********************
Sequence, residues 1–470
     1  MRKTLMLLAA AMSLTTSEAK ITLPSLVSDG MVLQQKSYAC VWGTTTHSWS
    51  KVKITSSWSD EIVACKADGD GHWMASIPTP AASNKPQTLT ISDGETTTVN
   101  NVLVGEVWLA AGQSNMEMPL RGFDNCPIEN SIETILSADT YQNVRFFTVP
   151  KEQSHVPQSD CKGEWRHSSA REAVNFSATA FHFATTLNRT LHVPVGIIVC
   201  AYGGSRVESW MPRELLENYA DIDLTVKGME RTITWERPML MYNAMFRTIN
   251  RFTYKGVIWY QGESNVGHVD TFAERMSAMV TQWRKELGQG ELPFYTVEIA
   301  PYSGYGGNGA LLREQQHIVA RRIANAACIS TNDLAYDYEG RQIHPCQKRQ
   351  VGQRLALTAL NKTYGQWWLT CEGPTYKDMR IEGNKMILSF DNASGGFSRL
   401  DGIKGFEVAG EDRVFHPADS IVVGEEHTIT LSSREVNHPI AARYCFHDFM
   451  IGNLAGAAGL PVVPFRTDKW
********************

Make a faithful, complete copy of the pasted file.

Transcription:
Sequence, residues 1–470
     1  MRKTLMLLAA AMSLTTSEAK ITLPSLVSDG MVLQQKSYAC VWGTTTHSWS
    51  KVKITSSWSD EIVACKADGD GHWMASIPTP AASNKPQTLT ISDGETTTVN
   101  NVLVGEVWLA AGQSNMEMPL RGFDNCPIEN SIETILSADT YQNVRFFTVP
   151  KEQSHVPQSD CKGEWRHSSA REAVNFSATA FHFATTLNRT LHVPVGIIVC
   201  AYGGSRVESW MPRELLENYA DIDLTVKGME RTITWERPML MYNAMFRTIN
   251  RFTYKGVIWY QGESNVGHVD TFAERMSAMV TQWRKELGQG ELPFYTVEIA
   301  PYSGYGGNGA LLREQQHIVA RRIANAACIS TNDLAYDYEG RQIHPCQKRQ
   351  VGQRLALTAL NKTYGQWWLT CEGPTYKDMR IEGNKMILSF DNASGGFSRL
   401  DGIKGFEVAG EDRVFHPADS IVVGEEHTIT LSSREVNHPI AARYCFHDFM
   451  IGNLAGAAGL PVVPFRTDKW